Hammer of justice falls on bin Laden
The end of a nine-year nightmare has finally come.
After 12 years—and three presidential administrations—of hunting, Osama bin Laden has been removed from the FBI’s Ten Most Wanted Fugitives list by a joint special forces group spearheaded by Navy Seals.
The response was overwhelming, as Americans around the world let loose triumphant cheers that had been over a decade in the making.
No one summarized the American public’s response better than President Barack Obama.
“Justice has been done,” Obama announced to the nation at 11:35 Sunday night from the East Room of the White House.
There is truly no more succinct of a way to summarize the long-awaited fulfilling of our vendetta with the al-Quaeda leader, and the avenging of our brothers and sisters who lost their lives in our unrelenting hunt.
It was originally former president George W. Bush who led us into Afghanistan, beginning a war in the Middle East designed to ensure that no terrorist attack like September 11,2001 would ever befall us again.
“I directed Leon Panetta, the director of the CIA, to make the killing or capture of bin Laden the top priority of our war against al Qaeda, even as we continued our broader efforts to disrupt, dismantle and defeat his network,” Obama said.
While his death came as a surprise to the American people, intelligence officials had been on bin Laden’s trail for months.
Obama was briefed on a possible lead to bin Laden in August.
“It was far from certain, and it took many months to run this thread to ground, “ Obama said.
In his address, Obama told the American people that it took multiple meetings with his national security team as more information came available on bin Laden’s whereabouts in a compound in Pakistan.
The President spoke with both former presidents Bill Clinton and Bush before making his announcement to the American public.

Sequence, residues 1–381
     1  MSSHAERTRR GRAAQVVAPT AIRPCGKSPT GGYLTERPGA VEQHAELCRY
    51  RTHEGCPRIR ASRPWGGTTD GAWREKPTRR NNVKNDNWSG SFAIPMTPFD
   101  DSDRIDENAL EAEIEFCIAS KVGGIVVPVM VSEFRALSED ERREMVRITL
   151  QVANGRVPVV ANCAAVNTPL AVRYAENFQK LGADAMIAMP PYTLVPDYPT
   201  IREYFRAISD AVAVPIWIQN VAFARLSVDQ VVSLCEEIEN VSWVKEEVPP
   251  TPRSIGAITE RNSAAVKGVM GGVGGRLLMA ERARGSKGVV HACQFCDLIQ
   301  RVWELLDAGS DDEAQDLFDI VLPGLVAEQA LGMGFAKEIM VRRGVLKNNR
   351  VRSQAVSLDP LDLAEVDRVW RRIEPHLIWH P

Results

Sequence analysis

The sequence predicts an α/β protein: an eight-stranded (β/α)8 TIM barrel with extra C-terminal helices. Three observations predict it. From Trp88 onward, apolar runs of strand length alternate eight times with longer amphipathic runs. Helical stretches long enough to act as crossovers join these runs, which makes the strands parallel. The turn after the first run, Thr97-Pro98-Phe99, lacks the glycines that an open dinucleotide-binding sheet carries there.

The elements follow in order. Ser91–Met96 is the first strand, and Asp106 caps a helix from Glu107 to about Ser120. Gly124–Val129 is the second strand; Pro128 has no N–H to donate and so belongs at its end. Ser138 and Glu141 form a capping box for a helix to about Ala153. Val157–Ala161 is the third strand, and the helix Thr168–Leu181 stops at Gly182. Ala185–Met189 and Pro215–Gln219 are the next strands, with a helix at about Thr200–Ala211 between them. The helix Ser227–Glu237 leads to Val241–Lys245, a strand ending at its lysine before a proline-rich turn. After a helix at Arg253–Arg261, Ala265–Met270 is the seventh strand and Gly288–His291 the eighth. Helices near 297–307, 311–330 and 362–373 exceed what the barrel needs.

“I congratulated him and the men and women of our military and intelligence communities who devoted their lives to this mission. They have our everlasting gratitude,” former president Bush said in a statement. The fight against terror goes on, but tonight America has sent an unmistakable message: No matter how long it takes, justice will be done.”
Initially, bin Laden got his name on the American Intelligence radar — a dangerous place to be in — in 1998 after his bombing of the U.S. Embassies in Tanzania and Kenya, killing over 200 people and injuring 5000 more. In fact, it was former President Clinton that then declared a “War on Terror,” setting into place Operation Infinite Reach that would hunt for Osama bin Laden until he was found.
That search continued as bin Laden seemed to disappear from the face of the planet.
On Sept. 11, 2001, an al-Qaeda cell unleashed havoc on the U.S. as they flew civilian-filled planes into the heart of the American people.
Whether or not it was bin Laden’s plan, he awakened the beast.
Admiral Isoroku Yamamoto’s unforgettable words after the bombing of Pearl Harbor were no less applicable to the greatest catastrophe of our generation: “I fear all we have done is to awaken a sleeping giant and fill him with a terrible resolve.”